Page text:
CINECITY’s Tim Brown salutes a timely re-publication of a forgotten novel – and recommends readers get out walking on the Downs.
Not on any map
Re-reading They: A Sequence of Unease by Kay Dick
In Kay Dick’s slim novel, first published in 1977, They are mysterious gangs who roam the countryside removing and destroying all art, books and paintings and ‘gleaning’ – killing or maiming – artists who resist. I first read They aged 18 and having grown up in the countryside in the 1970s, the novel struck something of an immediate chord. While dystopias frequently have an urban setting, there was a 70s strain of rural dystopic Science Fiction with teatime dramas such as The Changes (first broadcast in 1975) about a group who escape the city for the countryside amid a breakdown in society, quickly followed by Survivors (1975-77). With the classic Village of the Damned (1960) seemingly regularly on television, the sense that the idyllic countryside was not all it seemed was already very familiar.
We reached the kissing-gate that led out to the downs. ‘Let’s kiss for luck,’ I said. We climbed the first hill and stood at the top of the ridge. We could see all over the downs. To our left the sea. Larks soared and dived above our heads.
I re-read They when I moved to Brighton many years later and, with the Sussex Downs on the doorstep, my appreciation of the novel and Kay Dick’s writing greatly increased. The slim volume is full of an iconography recognisable to all those who know and love the Downs – valley of wheat, woods, estuary, Old Rectory, cliff road, Norman church, canopy of trees, coastguard’s cottage, kissing-gate, lighthouse, Victorian viaduct. But this is a familiar landscape made strange. At one point the narrator wills herself to be a physiological addition to sea and beach. Identification with the landscape gave an illusion of invisibility. Such is the vividness of the prose, I invariably think of the book when I walk on the Downs; scenes replayed in the mind or a location ready for action but often more an essence or atmosphere.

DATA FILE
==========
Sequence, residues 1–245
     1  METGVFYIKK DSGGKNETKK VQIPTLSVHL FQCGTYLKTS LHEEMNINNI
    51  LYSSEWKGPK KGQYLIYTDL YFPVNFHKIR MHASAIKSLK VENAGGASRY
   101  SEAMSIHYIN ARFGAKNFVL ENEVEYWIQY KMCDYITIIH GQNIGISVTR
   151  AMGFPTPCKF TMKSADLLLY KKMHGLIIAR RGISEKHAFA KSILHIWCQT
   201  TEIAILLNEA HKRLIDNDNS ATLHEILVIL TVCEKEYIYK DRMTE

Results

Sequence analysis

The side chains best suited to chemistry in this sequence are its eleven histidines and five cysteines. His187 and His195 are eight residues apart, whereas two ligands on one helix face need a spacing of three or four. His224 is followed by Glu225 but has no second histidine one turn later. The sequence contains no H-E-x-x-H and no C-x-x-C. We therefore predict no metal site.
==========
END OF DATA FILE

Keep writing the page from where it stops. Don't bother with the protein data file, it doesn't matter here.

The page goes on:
We stood quite still. Everything hummed with summer. We had turned off at the Victorian Viaduct, into the woods, mounting slowly, until a decline brought us in sight of the valley. Acres of wheat glowed amber in the August afternoon.
They is rich with descriptions of nature; while no idyllic haven, the rural is still ‘the best refuge and repository of value in a time of barbarianism’ as a contemporary review noted. Writer Graham Duff highlights that Kay Dick is ‘using nature and the countryside as an analogue for art and creativity. Here is natural, unmediated beauty and visual display… The lead characters – the artists – have retreated from the city, from the conflict into hidden away places in the countryside. One can easily read this as a desire to return to an Edenic state in the face of possible destruction.’